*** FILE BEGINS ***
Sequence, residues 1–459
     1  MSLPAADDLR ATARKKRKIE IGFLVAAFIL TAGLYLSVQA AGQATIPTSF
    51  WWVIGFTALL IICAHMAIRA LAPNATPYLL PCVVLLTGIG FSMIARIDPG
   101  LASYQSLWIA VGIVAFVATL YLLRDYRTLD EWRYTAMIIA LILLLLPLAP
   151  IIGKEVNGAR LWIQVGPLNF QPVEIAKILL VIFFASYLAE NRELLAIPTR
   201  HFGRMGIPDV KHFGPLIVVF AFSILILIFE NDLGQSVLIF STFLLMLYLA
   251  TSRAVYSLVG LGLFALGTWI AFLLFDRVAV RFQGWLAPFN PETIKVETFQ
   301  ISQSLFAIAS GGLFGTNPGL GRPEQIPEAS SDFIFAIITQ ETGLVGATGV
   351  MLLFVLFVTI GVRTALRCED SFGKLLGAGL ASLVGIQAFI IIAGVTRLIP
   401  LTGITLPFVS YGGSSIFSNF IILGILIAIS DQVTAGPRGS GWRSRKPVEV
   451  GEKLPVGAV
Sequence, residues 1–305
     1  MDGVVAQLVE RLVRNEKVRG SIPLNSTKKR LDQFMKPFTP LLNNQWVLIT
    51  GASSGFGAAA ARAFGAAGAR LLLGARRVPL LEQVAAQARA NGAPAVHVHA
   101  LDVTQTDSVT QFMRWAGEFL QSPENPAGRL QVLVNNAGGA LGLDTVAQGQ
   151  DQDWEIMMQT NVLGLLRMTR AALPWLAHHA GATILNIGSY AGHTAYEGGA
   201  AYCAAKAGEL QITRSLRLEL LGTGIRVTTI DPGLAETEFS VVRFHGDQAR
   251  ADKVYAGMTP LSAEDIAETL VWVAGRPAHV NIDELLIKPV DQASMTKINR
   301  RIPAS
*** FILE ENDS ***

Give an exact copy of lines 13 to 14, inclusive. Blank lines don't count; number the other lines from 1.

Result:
     1  MDGVVAQLVE RLVRNEKVRG SIPLNSTKKR LDQFMKPFTP LLNNQWVLIT
    51  GASSGFGAAA ARAFGAAGAR LLLGARRVPL LEQVAAQARA NGAPAVHVHA